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Title: Gastrointestinal symptoms, nutritional status and small intestinal bacterial overgrowth in patients with cancer
Author: Grace, Eva Marie
ISNI:       0000 0004 5368 0417
Awarding Body: King's College London
Current Institution: King's College London (University of London)
Date of Award: 2014
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Oesophagogastric (OG) cancer patients are at risk of developing persistent gastrointestinal (GI) symptoms and/or malnutrition. It is possible that GI symptoms co-exist with malnutrition rather than simply occurring in isolation. Eighty patients with OG cancer were recruited to a prospective observational cohort study to explore this relationship at the point of diagnosis and at 3- and 12 months post-diagnosis (Chapter 3). At 12 months, GI symptoms and malnutrition persisted or developed in 71.9% and 59.6% respectively. High symptom burden tended to be associated with poorer nutritional status and low symptom burden tended to be associated with better nutritional status at each time point. An effective nutritional screening tool is essential for detecting malnutrition in the OG oncology setting. A validation study of the Malnutrition Universal Screening Tool against an accepted standard (Patient Generated Subjective Global Assessment) was undertaken (Chapter 4). The screening tool had a sensitivity of 61% and a specificity of 74% and thus, is not suitable for use in this setting. Theoretically, as a consequence of the treatments received, patients with cancer are at high-risk for the development of small intestinal bacterial overgrowth (SIBO), a condition that implies abnormal bacterial colonisation of the proximal small bowel. The incidence of SIBO after diagnosis was measured in a sub-group of the OG cancer cohort (n= 17) and was found to be 82.4% (Chapter 3). There is no gold-standard test for SIBO and a new, accurate diagnostic tool would represent a major development. A cohort of 200 patients previously treated for cancer and undergoing testing for suspected SIBO were recruited (Chapter 5). The metabolic profile of their urine samples was assessed (using metabolomics technology) to establish whether any metabolite(s) could separate individuals with and without SIBO. N-acethylglutamine, a modified amino acid, showed some ability to separate the two groups.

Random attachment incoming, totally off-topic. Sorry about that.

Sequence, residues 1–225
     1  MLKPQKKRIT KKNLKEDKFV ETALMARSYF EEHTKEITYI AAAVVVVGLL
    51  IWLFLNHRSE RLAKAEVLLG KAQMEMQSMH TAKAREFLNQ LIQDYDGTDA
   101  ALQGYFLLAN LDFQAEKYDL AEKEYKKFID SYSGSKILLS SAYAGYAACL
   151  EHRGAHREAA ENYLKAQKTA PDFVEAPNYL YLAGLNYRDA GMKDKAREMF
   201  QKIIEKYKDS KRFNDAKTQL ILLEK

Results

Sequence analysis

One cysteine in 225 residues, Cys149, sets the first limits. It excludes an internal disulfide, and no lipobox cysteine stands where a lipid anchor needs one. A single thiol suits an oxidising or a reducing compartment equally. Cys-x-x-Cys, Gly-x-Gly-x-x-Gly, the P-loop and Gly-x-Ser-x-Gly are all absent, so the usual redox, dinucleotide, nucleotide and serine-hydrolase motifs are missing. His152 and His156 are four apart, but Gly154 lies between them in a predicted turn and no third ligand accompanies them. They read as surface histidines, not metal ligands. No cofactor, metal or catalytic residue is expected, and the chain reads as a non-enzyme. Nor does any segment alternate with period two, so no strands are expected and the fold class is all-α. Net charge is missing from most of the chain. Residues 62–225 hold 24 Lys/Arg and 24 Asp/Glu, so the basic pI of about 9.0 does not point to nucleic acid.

Supervisor: Whelan, Kevin Sponsor: Not available
Qualification Name: Thesis (Ph.D.) Qualification Level: Doctoral
EThOS ID:  DOI: Not available